The Room, BAFTA winning mobile puzzling mega-hit, has at last reached the PC in HD glory. I’ve slid my bottom into the slot on my chair, pressed the button that popped up on my mouse, and rotated my head until it faces the screen, which caused a mechanical whirring sound and the revealing of wot I think:
Obviously, since the Great Decree was established, it’s now been accepted by all who wish to live that Myst was a bloody awful game. As was Riven. And Myst III: Exile. And Uru. And probably IV and V – no one’s ever given me money to force myself to play them. Hateful rubbish, meandering nonsense strung together by obscure puzzles, existing only because of the curse of the CD-ROM on PC gaming. That’s just a fact.
The Room is the game Myst should have been. The Room is, I state with absolute conviction and abundant evidence, the game people who thought they enjoyed Myst pretended they were playing, but it turns out was entirely in their imaginations rather than in the miserable Power Point presentation in front of which they were actually sat.
The Room is a beautiful presentation of rendered graphics, sewn together with intricate, engaging puzzles. Myst was a slideshow of Vaseline-smeared tedium over which Z-list non-actors burbled inane claptrap about magic books.
That’s not to say there’s no inane claptrap in The Room. It’s just kept to a minimum, tucked away in entirely ignorable notes. The core game is exploring one enormous, impossibly elaborate puzzle box, hunting for switches, slides, keys and codes, to pick your way through puzzle after puzzle, each opening another section, unlocking new challenges, and constantly making you feel like a proper clever-clogs despite never actually doing anything all that clever.
The game has been around for a couple of years, first on iOS, then eventually Android. This PC version is an almost entire remake (according to the developers, Fireproof Games), apparently requiring nearly every asset to be rebuilt in order to create an HD, PC-worthy version. And by crikey, it’s beautiful. It’s genuinely astonishing at times, as the mechanical parts of the box slide so elegantly, surfaces rearranging themselves, objects raising and lowering, all utterly wonderfully. Just staring at the animations is reward enough for solving any puzzle it offers.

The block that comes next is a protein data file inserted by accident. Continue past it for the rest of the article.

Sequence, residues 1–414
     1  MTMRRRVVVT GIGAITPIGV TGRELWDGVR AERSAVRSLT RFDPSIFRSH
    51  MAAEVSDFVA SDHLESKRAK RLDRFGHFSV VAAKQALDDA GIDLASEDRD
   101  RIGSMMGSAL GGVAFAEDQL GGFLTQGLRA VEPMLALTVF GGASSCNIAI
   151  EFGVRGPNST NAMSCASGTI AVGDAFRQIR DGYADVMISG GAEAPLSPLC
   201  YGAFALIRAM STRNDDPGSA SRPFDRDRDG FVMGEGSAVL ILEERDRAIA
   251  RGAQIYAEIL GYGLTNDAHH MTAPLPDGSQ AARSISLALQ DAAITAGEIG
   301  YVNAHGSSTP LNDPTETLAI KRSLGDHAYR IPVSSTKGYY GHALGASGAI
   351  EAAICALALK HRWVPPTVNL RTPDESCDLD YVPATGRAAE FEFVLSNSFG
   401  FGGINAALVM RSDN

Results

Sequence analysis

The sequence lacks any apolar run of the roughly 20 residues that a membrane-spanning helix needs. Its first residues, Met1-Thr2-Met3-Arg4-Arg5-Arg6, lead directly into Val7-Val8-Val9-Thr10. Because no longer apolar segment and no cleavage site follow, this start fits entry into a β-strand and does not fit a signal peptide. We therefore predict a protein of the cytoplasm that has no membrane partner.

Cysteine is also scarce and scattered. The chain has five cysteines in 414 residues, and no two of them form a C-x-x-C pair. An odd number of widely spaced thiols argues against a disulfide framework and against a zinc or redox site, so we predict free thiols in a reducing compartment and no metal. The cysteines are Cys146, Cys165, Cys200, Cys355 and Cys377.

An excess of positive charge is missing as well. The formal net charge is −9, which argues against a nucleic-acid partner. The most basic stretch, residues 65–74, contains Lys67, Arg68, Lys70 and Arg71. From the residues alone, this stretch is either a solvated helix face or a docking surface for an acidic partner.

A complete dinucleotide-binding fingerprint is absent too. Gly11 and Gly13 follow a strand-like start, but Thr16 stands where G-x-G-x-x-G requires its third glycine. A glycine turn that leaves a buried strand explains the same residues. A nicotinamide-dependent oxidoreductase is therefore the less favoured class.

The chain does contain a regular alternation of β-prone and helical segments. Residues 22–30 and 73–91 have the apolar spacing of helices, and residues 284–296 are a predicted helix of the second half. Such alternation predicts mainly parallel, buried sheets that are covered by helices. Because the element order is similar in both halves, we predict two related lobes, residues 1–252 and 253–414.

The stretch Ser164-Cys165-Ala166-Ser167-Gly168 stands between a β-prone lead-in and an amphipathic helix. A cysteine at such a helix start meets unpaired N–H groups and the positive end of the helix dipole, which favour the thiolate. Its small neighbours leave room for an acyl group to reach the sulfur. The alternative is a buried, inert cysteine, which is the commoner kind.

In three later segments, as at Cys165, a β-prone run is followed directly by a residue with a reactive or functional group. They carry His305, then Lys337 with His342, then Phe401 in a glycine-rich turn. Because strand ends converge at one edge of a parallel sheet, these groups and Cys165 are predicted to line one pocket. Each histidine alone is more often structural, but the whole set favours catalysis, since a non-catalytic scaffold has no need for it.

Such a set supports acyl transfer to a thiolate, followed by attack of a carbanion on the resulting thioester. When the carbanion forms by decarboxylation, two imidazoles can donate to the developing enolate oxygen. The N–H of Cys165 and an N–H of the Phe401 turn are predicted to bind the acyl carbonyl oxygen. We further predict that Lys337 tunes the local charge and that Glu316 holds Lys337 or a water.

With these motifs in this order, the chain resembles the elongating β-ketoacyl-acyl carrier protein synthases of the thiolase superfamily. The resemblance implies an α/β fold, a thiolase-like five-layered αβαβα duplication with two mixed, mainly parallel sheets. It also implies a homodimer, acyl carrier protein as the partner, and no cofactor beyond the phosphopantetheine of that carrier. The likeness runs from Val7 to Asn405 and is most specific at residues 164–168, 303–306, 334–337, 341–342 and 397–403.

That really is all the reward there is, but it’s genuinely enough. The story, something about some chap trying to discover some mystical ether element thing, is utter guff, and ultimately goes nowhere at all. In fact, this PC build includes the mobile version’s DLC tacked onto the end, creating a stuttering finish that makes even less sense when played as a whole. The only reason it exists is to add a justification to the game’s peculiar twist, a magic lens through which alternate versions of reality can be seen. Which tends to boil down to: if you can’t figure out what to do next, you probably forgot to look at stuff through the lens.
Invariably this involves revealing hidden scrawl, codes, or creating a repeating geometric shape that has mystical connotations to something, somewhere. And while it takes nothing away from the game, I still can’t help but wish for a version of The Room that relied only on its near-believable mechanical wizardry, rather than, well, actual wizardry. The lens gives the game design carte blanche to impossibly change the materials by magicky magic, and this always feels cheap when compared to its wondrous flips, twists and clunks as it rearranges itself before you.
That thing about feeling like a clever-clogs. Something I especially like about The Room is it’s never needlessly obscure. In fact, it’s almost never difficult. It’s just constantly involving. If you get stuck, it’s likely because you’ve not noticed a teeny switch, or forgot to check the lens, and the in-game hint system will gently nudge you if you ask. But it’s not likely because a puzzle is over-complicated or just plain impenetrable. As someone who’s suffered a lot of badly implemented or plain obtuse puzzles in lazy adventure games, some of the challenges prepare me to groan, before realising that – oh – I just do this, this, then this, and yes! Click! I’m a clever-clogs! Even the ominous threat of a sliding tile puzzle quickly reveals itself to be a simple, quickly dismissed affair.
At £4, the two to three hours it should take (boasting of completing it more quickly only reveals a person to be a goof-face who doesn’t take the time to appreciate the beautiful art) is great value. (Although it must be noted the SD version currently costs just 69p on Android/iOS.) It doesn’t amount to anything, it doesn’t go anywhere, and it’s worth noting it lacks The Room 2’s genuinely haunting horror moments. (Presumably we can hope for The Room 2 on PC some time in 2016.) But what it is is entirely worth having: a sumptuous, decorative creation. And it sure isn’t Myst.